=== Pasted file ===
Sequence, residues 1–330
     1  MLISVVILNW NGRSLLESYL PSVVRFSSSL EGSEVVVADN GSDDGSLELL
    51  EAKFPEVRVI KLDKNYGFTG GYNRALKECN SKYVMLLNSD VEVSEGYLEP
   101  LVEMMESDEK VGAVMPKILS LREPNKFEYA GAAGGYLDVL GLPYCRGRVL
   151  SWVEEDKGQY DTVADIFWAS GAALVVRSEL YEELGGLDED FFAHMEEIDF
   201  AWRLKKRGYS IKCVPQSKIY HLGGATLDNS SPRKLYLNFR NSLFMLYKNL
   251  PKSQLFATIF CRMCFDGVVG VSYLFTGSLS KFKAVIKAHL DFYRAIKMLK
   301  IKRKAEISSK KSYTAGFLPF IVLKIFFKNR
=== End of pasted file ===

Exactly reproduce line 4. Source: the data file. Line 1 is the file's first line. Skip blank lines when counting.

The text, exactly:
   101  LVEMMESDEK VGAVMPKILS LREPNKFEYA GAAGGYLDVL GLPYCRGRVL